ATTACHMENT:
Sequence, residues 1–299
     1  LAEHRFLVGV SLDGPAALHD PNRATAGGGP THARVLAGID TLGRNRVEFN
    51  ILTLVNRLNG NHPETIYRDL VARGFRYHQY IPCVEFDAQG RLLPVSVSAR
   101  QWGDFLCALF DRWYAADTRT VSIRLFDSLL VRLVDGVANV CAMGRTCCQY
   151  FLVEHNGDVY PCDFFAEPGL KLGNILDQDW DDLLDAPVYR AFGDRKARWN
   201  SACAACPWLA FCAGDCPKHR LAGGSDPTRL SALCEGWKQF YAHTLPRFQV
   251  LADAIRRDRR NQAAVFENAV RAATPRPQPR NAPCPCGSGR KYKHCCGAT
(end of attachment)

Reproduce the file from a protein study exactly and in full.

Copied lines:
Sequence, residues 1–299
     1  LAEHRFLVGV SLDGPAALHD PNRATAGGGP THARVLAGID TLGRNRVEFN
    51  ILTLVNRLNG NHPETIYRDL VARGFRYHQY IPCVEFDAQG RLLPVSVSAR
   101  QWGDFLCALF DRWYAADTRT VSIRLFDSLL VRLVDGVANV CAMGRTCCQY
   151  FLVEHNGDVY PCDFFAEPGL KLGNILDQDW DDLLDAPVYR AFGDRKARWN
   201  SACAACPWLA FCAGDCPKHR LAGGSDPTRL SALCEGWKQF YAHTLPRFQV
   251  LADAIRRDRR NQAAVFENAV RAATPRPQPR NAPCPCGSGR KYKHCCGAT